Saturday, March 30, 2019


This week we hosted a large group of visitors from the Garden Clubs of America. As usual there had been fretting for several weeks about how the garden was going to look, what would be blooming and what wouldn't. You know the gardeners' cry, "You should have been here last week, or even this morning." I do try hard not to say that any more. Timing seems to be all important when a garden tour is on the books. Constant checking the weather report and temperatures. If only I could say, "come over today" That may be the only kind of garden tour in our future.
Of course the bluebonnets were blooming beautifully as well as the mallows, freesias, iris,

Globe mallow

and lots of other unusual things like kale and cabbage....gone to flower in our strange Spring, but left for the pollinators.

Flowers of Napa cabbage
Lovely clumps of fragrant narcissus 'cheerfulness'

and clumps of native wild alliums looking at home between the rocks.

And Texas yellow star, Lindheimera texana, which has established itself in a dry corner of the garden.

And because this was an afternoon tour even the Gilia rigidula was on show. Growing on top of the retaining wall between the secret garden and the English garden where it is much easier to appreciate than if it was growing low down on the ground. You are not likely to see this for sale unless in a specialist nursery. I found mine on the property and moved it to this spot.

But days later some of these plants are fading and others making an appearance. The warm sun this week and the claret cup cactus, Echinocereus triglochidiatus started to bloom.

And another round of the ladyfinger cactus, Echinocereus pentalophus.

and more and more blooms opening every day on the Lady Banks rose , Rosa banksia 'lutea'

And last evening as I strolled around the garden, I noticed the blue eyed grass,  Sisyrinchium was blooming. My Monday visitors missed seeing these.

I am now asking myself if my next garden visitors will see them. Will they last another 8 days. But of course there will be something else in bloom. The poppies and penstemons for sure and maybe the mallows will keep going for another week. The skullcaps and blackfoot daisies should be coming into their own. Yes. Spring and early summer are a succession of plants that bloom, fade and are replaced by others, so what am I fretting about? Just my nature.

Saturday, March 23, 2019


I can't tell you how many times I have said "Next Year" It is the nature of gardening that we are often looking to the next year. Just this morning I was saying those very words.

I love to grow things from seeds and those that can be sown directly in the ground are my favorite. Last fall I purchased a packet of California poppy seeds. Not that I need any more of those self- seeding orange poppies. But this packet was different. California poppy,  Eschscholzia caespitosa dwarf Sometimes called the Tufted poppy or Foothill poppy it is native to the Chaparral community of plants from Oregon through California to Baja California.

Always on the lookout for dwarf plants for my rock gardens I thought I would give them a try.  I noticed some rather spindly looking shoots some weeks ago doubting that they would amount to much. We have been so dry that I decided they were not doing well because of the lack of rain, so I watered them. They responded by growing and flowering in the space of two weeks with lovely bright yellow blooms. They are only 6" tall, perfect for a spot between the rocks. I wish now I had sowed the whole packet instead of putting a few seeds in 3 areas. A big Next Year for these little poppies.

Sometimes illustrations on seed packets disappoint, but not this one.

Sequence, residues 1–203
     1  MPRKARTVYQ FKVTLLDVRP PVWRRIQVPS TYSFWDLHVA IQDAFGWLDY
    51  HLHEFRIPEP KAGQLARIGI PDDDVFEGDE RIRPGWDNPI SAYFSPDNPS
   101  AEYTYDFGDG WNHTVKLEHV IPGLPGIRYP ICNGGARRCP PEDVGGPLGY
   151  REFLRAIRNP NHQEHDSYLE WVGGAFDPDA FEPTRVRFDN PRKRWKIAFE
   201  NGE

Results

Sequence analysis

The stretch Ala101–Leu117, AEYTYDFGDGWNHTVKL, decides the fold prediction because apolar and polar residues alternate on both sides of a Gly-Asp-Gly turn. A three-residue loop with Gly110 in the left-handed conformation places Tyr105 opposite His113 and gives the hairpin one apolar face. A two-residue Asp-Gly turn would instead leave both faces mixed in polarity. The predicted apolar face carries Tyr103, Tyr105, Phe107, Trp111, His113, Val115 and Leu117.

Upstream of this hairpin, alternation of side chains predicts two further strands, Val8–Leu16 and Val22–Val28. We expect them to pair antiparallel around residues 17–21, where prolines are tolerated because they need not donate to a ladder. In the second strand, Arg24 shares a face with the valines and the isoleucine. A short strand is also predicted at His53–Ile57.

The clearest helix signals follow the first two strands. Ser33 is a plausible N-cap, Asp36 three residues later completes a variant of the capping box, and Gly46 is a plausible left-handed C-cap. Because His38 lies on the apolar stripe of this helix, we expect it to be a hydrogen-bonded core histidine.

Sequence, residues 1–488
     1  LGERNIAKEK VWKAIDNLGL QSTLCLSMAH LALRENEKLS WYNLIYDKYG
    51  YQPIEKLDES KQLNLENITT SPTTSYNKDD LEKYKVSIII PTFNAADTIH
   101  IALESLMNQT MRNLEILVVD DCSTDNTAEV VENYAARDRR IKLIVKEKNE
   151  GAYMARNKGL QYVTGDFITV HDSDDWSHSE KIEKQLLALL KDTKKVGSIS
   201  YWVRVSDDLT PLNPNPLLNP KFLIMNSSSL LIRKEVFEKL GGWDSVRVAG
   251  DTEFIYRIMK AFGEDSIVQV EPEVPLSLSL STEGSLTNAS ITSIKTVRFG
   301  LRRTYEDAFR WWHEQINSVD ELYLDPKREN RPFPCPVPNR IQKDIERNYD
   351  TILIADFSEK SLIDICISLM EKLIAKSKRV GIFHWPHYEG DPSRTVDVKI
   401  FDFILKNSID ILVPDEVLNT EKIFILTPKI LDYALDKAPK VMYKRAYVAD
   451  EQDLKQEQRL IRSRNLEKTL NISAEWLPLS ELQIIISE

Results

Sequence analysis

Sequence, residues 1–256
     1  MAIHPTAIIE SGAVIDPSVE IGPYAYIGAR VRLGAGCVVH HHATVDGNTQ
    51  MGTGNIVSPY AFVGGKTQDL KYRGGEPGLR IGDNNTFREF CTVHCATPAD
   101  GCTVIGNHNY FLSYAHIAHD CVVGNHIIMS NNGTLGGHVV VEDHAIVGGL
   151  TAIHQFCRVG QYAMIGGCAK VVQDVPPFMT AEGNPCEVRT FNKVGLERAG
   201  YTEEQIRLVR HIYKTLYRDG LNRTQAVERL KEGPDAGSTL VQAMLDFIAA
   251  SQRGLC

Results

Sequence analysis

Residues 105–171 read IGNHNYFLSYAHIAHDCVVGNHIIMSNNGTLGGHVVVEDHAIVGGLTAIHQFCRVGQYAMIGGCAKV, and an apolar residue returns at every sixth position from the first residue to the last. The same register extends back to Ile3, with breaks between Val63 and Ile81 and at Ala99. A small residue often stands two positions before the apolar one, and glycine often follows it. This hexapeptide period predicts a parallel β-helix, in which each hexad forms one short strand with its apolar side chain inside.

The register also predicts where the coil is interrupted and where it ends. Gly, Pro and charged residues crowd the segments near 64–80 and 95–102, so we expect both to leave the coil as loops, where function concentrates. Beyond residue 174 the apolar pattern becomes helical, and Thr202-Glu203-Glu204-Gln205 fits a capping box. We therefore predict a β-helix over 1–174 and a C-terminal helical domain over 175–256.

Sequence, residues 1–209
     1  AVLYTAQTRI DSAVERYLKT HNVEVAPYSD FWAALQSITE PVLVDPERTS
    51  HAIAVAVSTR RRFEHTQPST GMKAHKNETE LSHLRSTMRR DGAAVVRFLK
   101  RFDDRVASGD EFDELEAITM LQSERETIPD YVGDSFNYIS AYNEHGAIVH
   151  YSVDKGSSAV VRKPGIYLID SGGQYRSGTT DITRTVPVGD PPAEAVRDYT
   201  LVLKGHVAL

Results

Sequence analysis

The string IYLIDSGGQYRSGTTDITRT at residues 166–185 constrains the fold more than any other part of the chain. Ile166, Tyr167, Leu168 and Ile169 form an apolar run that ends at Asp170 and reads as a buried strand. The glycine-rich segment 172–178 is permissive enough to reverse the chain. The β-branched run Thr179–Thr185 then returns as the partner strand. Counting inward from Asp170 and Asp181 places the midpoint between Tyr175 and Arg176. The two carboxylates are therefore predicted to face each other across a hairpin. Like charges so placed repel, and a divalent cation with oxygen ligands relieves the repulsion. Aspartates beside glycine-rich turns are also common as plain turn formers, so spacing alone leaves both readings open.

Alas, another packet of seeds disappointed me this year. Double Click Blend, Cosmos. I grew these same flowers last year and they had gorgeous, frilly blooms. This year among the 20 seeds in the packet not one of them is frilled. In fact several are plain run-of-the-mill cosmos. It is too late for me to grow them again this year so it will be another case of hoping for better luck Next Year.

We spent the morning moving the citrus into position in the potager and the plants that are staged at the ziggurat steps. Or rather I directed as David did the lifting, carrying and placing. Those citrus pots are heavy and some of the other plants are vicious, particularly Aloe marlothii. Honestly, I felt terribly guilty asking him to do a job that someone of our age shouldn't be doing. I made him a promise that he will never have to move the Aloe marlothii again. It will either survive or die in that spot. I don't think it is ever going to reach its full potential which is to flower with gorgeous orange blooms. Possibly because it spends the winter in the garage which is not  place to induce winter blooming.

Always an unplanned combination of plants is likely to bring a Next Year moment, but how often is it repeated? And what of those beautiful red flax flowers. Last year I said more Next Year and I have exactly 2 clumps of them. The seed packets sitting idle in the laundry room. But once again I can say Next Year and hope it will be. The years are slipping away!
Our septic filed is another Next Year dream. For years I tried to grow wildflowers but none ever came. In an attempt to reduce the fertility of the soil we started gathering the grass when mowing and directed our sprinkler heads into the wooded area. And after 2 years it seems to be working. There are many clumps of bluebonnets several blanket flowers and I can just visualize that Next Year it will be a wildflower meadow, and if not next year then the next year.

Sunday, March 17, 2019


Our mild winter has been kind to many of my flowering blooms, although I have to admit I did protect the freesias during some recent nights when the temperatures fell in to the 20s. The same with some of the iris because they were in bud.

The purple iris were a passalong and came without a name which is often the case in my garden. The pretty little narcissus alongside this clump is also without a name, much to my regret.

Another passalong iris, known only as Peach, lives up to its name. It smells of peaches.

The naturalizing species tulips, or lady tulips, Tulipa clusiana, have not disappointed this year. Some years ago I read that the seed were not viable and I would pick off the seed heads after flowering. Then I discovered that the seed pots were attractive in themselves and allowed the seed to fall. Now there are many new plants forming.

Tulipa clusiana Lady Jane

Tulipa clusiana, Lady Jane with petals closed
Tulipa clusiana var. chrysantha, has yellow petals with red markings on the underside.

The species tulips, Tulipa humilis, Persian pearl was planted several years ago. It bloomed the first year and then nothing for 2 years. Now once again it is going to bloom. This is one of the shortest stemmed tulips, just a few inches tall.